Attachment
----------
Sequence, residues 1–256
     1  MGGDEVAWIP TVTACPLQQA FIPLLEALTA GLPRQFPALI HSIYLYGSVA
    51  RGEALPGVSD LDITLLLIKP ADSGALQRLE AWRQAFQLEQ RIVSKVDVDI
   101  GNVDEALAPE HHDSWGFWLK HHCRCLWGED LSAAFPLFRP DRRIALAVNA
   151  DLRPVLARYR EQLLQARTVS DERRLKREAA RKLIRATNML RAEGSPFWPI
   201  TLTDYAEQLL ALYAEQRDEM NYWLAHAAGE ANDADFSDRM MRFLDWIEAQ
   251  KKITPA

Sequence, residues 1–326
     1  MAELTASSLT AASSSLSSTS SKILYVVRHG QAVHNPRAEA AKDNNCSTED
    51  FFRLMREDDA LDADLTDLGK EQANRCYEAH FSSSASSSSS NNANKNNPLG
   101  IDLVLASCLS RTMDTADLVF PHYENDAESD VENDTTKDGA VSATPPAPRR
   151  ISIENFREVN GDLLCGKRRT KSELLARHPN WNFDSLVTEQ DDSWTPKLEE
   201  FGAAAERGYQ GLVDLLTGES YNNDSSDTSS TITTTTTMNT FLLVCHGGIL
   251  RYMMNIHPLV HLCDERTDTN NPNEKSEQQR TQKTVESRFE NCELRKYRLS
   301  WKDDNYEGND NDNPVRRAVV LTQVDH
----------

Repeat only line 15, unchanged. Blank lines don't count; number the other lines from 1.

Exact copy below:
   301  WKDDNYEGND NDNPVRRAVV LTQVDH